Before the waste hour times changed, she enjoyed cooking for her family. “Now, I’m never at home,” she said. 

 

Pushing the set-out time back four hours for households was intended to disrupt dining habits of the city’s rodents. “If rats can’t feed, they can’t breed,” said Belinda Mager, a spokesperson for the Sanitation Department. “Almost a third of trash collection in the city’s highest density areas is now done at midnight, rather than 6 a.m.,” she said. This means that the vast majority of the city’s garbage still sits on the streets until the trucks pass between 6 a.m. and 7 a.m. 

 

“Changing from 6 p.m. to 8 p.m. will not accomplish much alone,” said Robert Corrigan, an urban rodentologist. But the specialist points out that in a major context of improving trash collection practices and waste management, the rat population will decrease. Nonetheless, it could take several years. 

 

At about 3 p.m. on a recent afternoon, Socorro and Rubén had some time to rest. But they still had five more hours to go until 8 p.m., when the next set-out would be done by the buildings. Nonetheless, they called some superintendents that allow them to pick up the trash before. 

 

It’s getting dark earlier. 

 

“When winter comes, I’ll use just two pants and two sweaters. You are moving, so it’s not that cold,” Socorro said. Later in the evening, their eldest daughter, Luz Maldonado, who has finished her shift at the supermarket where she works, came to help.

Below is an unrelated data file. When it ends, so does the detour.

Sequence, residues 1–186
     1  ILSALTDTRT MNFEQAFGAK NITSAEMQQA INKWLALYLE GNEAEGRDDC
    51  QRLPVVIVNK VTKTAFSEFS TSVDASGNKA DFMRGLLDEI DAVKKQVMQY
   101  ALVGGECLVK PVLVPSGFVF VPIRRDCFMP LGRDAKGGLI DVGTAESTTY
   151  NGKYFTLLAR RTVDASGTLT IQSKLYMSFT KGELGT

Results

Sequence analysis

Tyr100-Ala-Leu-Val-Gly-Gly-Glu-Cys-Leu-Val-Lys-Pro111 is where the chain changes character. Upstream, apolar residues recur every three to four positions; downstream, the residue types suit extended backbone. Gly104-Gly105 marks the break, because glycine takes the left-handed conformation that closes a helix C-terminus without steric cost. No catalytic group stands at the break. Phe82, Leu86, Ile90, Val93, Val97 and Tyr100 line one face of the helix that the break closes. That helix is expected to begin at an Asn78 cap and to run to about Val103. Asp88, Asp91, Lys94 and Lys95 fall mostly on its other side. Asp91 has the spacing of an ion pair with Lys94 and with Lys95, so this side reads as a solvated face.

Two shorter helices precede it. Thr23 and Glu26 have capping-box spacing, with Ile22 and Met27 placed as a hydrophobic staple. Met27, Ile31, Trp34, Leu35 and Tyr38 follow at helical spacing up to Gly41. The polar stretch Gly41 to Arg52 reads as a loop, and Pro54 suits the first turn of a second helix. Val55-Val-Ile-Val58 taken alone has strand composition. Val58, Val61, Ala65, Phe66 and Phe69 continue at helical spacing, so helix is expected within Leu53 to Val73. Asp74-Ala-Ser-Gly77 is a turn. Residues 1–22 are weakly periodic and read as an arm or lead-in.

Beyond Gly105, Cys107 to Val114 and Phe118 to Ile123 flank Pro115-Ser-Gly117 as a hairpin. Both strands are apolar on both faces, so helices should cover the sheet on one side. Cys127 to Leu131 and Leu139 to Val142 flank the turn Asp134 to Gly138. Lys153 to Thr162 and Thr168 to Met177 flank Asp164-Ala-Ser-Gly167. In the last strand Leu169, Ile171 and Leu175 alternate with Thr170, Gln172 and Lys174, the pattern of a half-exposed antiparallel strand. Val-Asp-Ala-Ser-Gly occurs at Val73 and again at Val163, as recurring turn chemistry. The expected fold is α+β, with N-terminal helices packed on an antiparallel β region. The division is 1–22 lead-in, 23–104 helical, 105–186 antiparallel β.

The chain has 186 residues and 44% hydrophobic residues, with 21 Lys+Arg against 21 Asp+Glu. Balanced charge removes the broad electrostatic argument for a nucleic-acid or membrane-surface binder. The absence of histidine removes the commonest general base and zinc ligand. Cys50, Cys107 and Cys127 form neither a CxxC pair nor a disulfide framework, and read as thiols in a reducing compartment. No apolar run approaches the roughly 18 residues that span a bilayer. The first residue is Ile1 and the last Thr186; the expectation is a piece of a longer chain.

In the street of the Seventh Church of Christ, Scientist, at 112th Str. between Broadway and Amsterdam Ave, huge filled bags are stacked. “Four or five months ago, we were robbed,” Rubén Maldonado said with sadness. The thief took the recyclable items that they had spent the whole day collecting. So, now, they take turns watching the bags. 

 

At about half past nine, a medium size fat rat crossed the street and ran through the front yard of one of the buildings. The animal goes inside, where the garbage to be set out in the morning is kept. The rat had no problem passing through the grid that divides the “inside” from the “outside,” which marks the border between where the trash is inside the building and not yet set out or outside the building and ready to be picked up by sanitation trucks. 

 

The last thing to do is make a phone call. The family works with a private trucking company that buys the recyclable items from them and resells to another company. Every can and bottle has already been properly arranged in the bags. Luz makes the call and then it’s just waiting. The street is narrow, so when the truck comes, they will have to hurry to put the bags inside. 

 

At about 11 p.m., a huge yellow truck turns around the corner. Socorro, Luz and Rubén lift the bags in pairs and then throw them into the backside of the truck. There’s fun in this activity, they smile and laugh. And laugh again when they have finished. 

 

The calculation of how many plastic and glass bottles and cans there are is made in a piece of cardboard, an abacus of sorts. They finished it before the truck came, calculating how many were in each bag. 

 

The cardboard check is analyzed by the yellow trucks’ driver. Then, he pays about $80. It’s half past eleven, and Socorro and her family are ready to finally head home on this day. They start to walk slowly with their empty carts toward the nearest subway station. A slight rain began as they turned the corner on 112th Street, passing by the Cathedral Church of St. John the Divine. Tomorrow would be a new day and she would be ready to work. 

About the author(s)

María Gabriela Cisterna is an Argentinian philosopher and journalist. Through audio and written pieces, she covers stories from Latin America.